The Disadvantages of Adopting CFP
There are many people in the world of software whose livelihood benefits from the absence of consistent size measurement. Amongst the biggest beneficiaries are those organisations that sell software development services on a time and materials basis. This includes some very large and influential organisations. Also, many consultants, agile coaches, framework vendors and even developers benefit from the lack of transparency that comes from not formally sizing software. Mistakes can be hidden, productivity is hard to assess and this may suit their interests. On the other hand, for anyone responsible for buying or managing software work, there really is no downside to measurement with CFP. It takes a trivial amount of effort to do the measurement. Both the knowledge of the size and the act of CFP sizing can help reduce problems of scope, improve quality and improve productivity on any software project.
CFP is Perfect for Agile and Scaled Agile
The full requirements of a software project are rarely known at the project outset. The Agile workflow allow you to handle this early uncertainty. Agile projects are characterised by evolving awareness of requirements. Fortunately, CFP can be measured precisely even before all of the requirements for a system are known. You simply measure just what you do know. You can also potentially estimate what is not yet known for sure. With experience you can even estimate early when only the broad capabilities or epics are known. As a project progresses, epics are broken down into functional user stories, and those initial estimates become more precise measures of CFP with a decreasing margin of error. Think of requirements certainty as a spectrum ranging from “we know everything” to “we know very little”. Although it is easier to size a project if you know all the requirements, it is surprising how much is knowable early on. In general we just don’t work hard enough at the outset to uncover that which is knowable.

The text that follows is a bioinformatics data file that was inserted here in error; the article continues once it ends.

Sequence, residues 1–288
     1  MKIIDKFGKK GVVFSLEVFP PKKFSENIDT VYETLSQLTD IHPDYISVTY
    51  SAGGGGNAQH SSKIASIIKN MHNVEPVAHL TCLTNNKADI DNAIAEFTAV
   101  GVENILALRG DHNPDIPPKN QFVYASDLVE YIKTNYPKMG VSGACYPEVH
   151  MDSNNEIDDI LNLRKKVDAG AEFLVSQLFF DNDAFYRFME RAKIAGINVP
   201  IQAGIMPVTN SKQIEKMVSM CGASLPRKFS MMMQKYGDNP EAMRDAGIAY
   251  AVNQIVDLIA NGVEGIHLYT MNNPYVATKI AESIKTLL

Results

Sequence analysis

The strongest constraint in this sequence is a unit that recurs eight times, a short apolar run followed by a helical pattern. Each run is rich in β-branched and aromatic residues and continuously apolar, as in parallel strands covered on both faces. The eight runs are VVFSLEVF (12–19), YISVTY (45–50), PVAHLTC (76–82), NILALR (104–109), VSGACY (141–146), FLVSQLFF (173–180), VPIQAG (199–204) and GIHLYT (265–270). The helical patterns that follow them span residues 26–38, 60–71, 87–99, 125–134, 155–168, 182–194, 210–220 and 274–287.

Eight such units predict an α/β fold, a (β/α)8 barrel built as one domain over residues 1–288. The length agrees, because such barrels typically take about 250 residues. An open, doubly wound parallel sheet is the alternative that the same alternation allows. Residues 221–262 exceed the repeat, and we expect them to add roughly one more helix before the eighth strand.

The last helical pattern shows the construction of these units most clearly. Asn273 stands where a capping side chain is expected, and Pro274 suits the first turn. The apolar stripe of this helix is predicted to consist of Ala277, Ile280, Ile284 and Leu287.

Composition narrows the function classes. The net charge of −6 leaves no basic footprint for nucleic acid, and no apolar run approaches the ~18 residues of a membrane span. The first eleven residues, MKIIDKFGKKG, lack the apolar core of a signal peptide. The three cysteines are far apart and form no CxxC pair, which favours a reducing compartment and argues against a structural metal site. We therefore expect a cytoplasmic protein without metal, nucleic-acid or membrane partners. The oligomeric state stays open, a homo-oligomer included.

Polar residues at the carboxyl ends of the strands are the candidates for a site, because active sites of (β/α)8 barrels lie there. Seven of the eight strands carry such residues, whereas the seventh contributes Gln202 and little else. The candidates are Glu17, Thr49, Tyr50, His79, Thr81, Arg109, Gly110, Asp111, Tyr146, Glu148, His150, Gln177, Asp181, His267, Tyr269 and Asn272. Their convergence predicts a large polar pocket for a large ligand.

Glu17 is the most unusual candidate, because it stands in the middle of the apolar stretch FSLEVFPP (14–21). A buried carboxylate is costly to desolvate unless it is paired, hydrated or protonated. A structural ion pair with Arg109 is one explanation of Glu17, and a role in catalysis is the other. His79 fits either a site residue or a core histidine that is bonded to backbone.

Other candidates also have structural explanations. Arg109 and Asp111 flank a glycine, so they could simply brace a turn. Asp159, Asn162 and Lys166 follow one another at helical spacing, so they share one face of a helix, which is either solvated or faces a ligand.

In organisations with multiple software teams, senior managers need to know the productivity of different teams, in order to help improve underperforming teams and to learn from highly productive ones. CFP resolves the problem of a lack of consistent sizing between teams. By adopting CFP across all teams, productivity rates can be compared. Productivity rates can also be compared between internal and external teams. This helps provide software executives with the data that they need to make better decisions. One should never compare teams with story points.
It is Time to Get a Grip on Software Size
After 70 years of guesswork and non-scientific approaches, the time has come for responsible CIOs and software leaders to insist on the adoption of proper engineering metrics for size. By introducing and insisting on CFP adoption, you will enjoy better visibility and predictability of your software activity. There will be naysayers in your organisation and amongst suppliers, so you’ll need to be ready to encourage them to see the merits of valid size measurement. Software size measurement is good practice. It leads to better measurability and ultimately more effective management. In due course you’ll be able to share metrics of CFP delivered, CFP maintained as part of your board-level metrics. Forward thinking CIOs who want to be able to improve performance through measurement will benefit significantly from adopting CFP.
Automation is Here to Help
Our ground-breaking work at ScopeMaster, provides an automated consistent and valid sizing of functional user stories, or written functional user requirements effortlessly. ScopeMaster will estimate the number of CFP in a user story by analysing the language of the story. Most agile projects contain less than 500 user stories. These can be automatically sized within an hour using ScopeMaster. The user stories can then be refined (improved in quality) and the estimate will become a measurement, this typically takes a tenth of the time using ScopeMaster® than without.